Job Analysis

    Paula Fulghum

    Managers are commonly faced with issues caused by not having the right person in a job. This lack of fit is frustrating to both the employer and the employee. Job analysis is one of the most fundamental organizational practices that can help prevent these frustrations.  Completing accurate, in-depth job analyses can get at the root of a variety of organizational problems.

    A job analysis is a systematic and in-depth study of what it takes to successfully occupy a given job. This goes beyond the basic job description, where many employers seem to stop. Job analysis involves both information about the job itself, and information about what a person should possess to be successful in that job. Important components of a job analysis include identifying information about required job tasks and necessary equipment or resources to carry out tasks. A job analysis should also address what environment an individual must be able to work in and what relationships are necessary to maintain. Lastly, the job analysis needs to address what an individual needs to bring to a job. You need to know what knowledge, skills, and abilities, commonly called KSAs, a person needs to perform the job and associated duties.

    Multiple methods have been shown to be successful in conducting a job analysis. What is important is making sure to get sufficient information to truly understand what it takes to get a job done. There are a few options for how to get that information. You can have someone from within or outside of the organization observe and study the job of interest. You can also simply get information from people who are already performing the job successfully. Ask employees in the job, either by interviews, surveys, or other methods, what exactly they do. Get information on daily tasks, including even the smallest of maintenance tasks. Also, go beyond just the task work. The actual task of a job may sound pretty easy at face value, but there could be a whole lot more to it than that. Environmental conditions, co-worker relationships, available resources, or critical thinking skills are just some of the less obvious factors that could be extremely pertinent to job performance.

    Conducting job analysis can be hugely valuable for many organizational practices or outcomes. Job analysis can obviously be an important tool in selection and hiring. Using a job analysis can make sure you are selecting an employee that fits the job. Managers will know what to look for, and new hires will know what exactly is expected of them. Job analysis can also have implications for training. For example, a job may require use of complex equipment that would be difficult to select for. This is where companies can design trainings to address those job needs. Lastly, a job analysis can help you to make sure your employees are staying on track. The job analysis is a great place to start in reviewing employee performance. You have to know what you’re expecting of them to be able to evaluate their work.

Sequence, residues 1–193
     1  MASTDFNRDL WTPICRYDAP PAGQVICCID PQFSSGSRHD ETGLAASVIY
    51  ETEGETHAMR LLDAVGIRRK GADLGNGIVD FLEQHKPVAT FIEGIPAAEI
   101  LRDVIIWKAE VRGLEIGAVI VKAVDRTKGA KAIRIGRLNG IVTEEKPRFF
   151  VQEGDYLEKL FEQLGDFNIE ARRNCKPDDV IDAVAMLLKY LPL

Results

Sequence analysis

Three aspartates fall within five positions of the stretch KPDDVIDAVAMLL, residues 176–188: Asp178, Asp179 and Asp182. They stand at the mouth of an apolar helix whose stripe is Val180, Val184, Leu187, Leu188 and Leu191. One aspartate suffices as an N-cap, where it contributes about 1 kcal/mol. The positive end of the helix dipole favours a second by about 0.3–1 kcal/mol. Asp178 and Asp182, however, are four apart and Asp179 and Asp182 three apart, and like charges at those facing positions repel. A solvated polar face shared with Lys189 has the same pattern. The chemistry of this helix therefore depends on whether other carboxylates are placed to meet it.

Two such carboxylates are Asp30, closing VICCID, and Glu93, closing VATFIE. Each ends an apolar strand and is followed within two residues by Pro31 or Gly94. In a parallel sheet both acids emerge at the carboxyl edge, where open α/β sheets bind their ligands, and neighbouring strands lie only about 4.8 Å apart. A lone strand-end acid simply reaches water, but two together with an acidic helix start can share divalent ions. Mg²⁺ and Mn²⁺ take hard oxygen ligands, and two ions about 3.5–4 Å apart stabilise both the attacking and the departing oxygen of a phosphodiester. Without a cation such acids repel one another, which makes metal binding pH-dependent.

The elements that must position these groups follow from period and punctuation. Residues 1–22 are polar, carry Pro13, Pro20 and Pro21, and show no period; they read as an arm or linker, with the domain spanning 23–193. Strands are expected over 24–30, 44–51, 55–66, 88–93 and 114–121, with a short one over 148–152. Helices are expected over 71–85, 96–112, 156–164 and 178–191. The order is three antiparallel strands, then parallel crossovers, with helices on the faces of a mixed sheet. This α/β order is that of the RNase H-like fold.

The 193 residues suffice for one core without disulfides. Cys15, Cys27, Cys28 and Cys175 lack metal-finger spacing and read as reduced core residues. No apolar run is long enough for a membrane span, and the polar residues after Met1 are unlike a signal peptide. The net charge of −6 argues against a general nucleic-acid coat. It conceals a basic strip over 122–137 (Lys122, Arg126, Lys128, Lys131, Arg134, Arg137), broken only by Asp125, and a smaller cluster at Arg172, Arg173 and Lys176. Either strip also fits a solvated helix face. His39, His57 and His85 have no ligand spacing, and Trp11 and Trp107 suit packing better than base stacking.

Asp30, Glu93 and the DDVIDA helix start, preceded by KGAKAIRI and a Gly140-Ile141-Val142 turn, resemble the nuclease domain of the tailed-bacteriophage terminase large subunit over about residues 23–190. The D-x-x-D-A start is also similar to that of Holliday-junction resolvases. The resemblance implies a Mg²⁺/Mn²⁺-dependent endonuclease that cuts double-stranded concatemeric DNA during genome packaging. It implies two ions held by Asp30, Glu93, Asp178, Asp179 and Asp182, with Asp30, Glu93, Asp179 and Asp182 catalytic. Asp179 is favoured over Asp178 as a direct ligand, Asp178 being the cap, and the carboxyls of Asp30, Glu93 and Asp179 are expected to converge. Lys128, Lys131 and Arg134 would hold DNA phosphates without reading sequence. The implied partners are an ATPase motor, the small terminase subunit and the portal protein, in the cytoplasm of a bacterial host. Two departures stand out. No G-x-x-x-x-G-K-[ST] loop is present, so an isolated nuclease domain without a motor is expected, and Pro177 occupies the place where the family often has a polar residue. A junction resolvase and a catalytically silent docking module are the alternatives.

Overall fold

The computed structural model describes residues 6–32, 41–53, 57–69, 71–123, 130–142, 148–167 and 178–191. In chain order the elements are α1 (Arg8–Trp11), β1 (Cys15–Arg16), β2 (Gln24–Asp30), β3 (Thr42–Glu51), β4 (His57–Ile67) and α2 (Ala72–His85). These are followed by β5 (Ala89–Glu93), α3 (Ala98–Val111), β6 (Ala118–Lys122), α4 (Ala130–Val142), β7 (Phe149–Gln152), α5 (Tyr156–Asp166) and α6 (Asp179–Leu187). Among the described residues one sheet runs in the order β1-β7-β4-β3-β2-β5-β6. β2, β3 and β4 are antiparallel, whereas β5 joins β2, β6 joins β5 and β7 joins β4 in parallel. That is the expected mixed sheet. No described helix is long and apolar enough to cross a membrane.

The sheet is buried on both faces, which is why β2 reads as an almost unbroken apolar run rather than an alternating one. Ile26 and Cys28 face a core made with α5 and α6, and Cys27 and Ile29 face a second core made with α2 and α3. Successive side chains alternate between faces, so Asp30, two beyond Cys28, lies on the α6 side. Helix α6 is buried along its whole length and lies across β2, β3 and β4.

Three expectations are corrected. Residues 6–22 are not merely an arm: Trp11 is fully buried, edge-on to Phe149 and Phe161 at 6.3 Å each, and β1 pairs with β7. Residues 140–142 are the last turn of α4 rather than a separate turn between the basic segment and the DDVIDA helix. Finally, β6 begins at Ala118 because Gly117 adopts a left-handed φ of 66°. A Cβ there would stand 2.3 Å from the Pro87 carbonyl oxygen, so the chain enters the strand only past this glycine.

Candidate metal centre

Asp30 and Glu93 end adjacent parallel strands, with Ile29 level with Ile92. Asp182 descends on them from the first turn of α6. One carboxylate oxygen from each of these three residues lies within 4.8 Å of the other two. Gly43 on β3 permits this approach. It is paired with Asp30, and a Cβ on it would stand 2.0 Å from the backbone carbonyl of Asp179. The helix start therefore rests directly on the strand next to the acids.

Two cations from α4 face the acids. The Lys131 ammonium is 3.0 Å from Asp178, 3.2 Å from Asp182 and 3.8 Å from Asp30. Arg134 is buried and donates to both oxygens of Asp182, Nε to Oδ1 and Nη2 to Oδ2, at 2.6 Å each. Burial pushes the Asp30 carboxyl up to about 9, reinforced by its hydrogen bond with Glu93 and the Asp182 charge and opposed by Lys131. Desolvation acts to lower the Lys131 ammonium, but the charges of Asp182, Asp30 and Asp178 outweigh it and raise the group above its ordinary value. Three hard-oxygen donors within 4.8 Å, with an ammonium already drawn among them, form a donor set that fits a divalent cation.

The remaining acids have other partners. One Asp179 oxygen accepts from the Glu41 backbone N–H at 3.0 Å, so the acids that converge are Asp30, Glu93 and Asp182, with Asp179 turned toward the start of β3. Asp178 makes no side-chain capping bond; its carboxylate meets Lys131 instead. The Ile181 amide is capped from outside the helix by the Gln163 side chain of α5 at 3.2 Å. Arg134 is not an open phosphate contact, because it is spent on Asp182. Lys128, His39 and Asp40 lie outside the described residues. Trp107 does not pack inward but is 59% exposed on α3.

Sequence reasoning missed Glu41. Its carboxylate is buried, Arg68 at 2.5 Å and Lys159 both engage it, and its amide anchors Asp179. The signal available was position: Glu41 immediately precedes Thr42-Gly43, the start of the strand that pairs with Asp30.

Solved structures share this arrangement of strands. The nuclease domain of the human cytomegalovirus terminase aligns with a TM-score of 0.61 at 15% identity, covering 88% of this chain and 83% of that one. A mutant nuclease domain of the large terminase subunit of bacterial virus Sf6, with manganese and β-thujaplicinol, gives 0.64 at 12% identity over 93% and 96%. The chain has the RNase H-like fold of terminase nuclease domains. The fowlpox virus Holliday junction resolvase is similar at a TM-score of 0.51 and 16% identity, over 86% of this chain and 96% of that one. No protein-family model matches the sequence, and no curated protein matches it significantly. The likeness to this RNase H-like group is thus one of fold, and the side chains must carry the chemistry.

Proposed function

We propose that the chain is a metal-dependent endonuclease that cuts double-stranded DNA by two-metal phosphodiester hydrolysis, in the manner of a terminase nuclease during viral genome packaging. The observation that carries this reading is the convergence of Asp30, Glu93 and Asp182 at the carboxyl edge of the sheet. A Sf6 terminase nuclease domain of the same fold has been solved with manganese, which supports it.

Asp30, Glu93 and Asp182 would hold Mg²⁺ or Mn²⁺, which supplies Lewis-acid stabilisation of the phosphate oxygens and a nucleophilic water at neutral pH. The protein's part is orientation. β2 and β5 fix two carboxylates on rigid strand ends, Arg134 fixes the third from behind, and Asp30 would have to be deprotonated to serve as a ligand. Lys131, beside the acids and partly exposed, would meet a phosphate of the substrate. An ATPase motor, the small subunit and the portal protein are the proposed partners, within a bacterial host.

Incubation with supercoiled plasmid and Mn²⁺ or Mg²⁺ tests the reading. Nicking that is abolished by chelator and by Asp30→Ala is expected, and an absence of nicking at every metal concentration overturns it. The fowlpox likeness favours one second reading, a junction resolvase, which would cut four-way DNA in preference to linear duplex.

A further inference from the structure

Job analysis can be the answer, or at least the start of the answer, to many of your company’s problems. Analyzing jobs is an invaluable concept that can easily be overlooked. Many employers may just assume that they know what their employees should be doing and what it takes. But ambiguity and miscommunications can be really detrimental to the company when those assumptions turn out to be false. While job analysis may take some time, it is worth the effort because of its broad applicability. Using your job analyses as a tool in making important decisions will provide clarity that will be appreciated by employees and managers. Lastly, remember that as your organization may change, the job analysis should change with it. Organizations are dynamic, always interacting with changing industry demands, so the job and the employees that should be occupying them should reflect those changes.

     

    **Image courtesy of imagerymajestic at FreeDigitalPhotos.net

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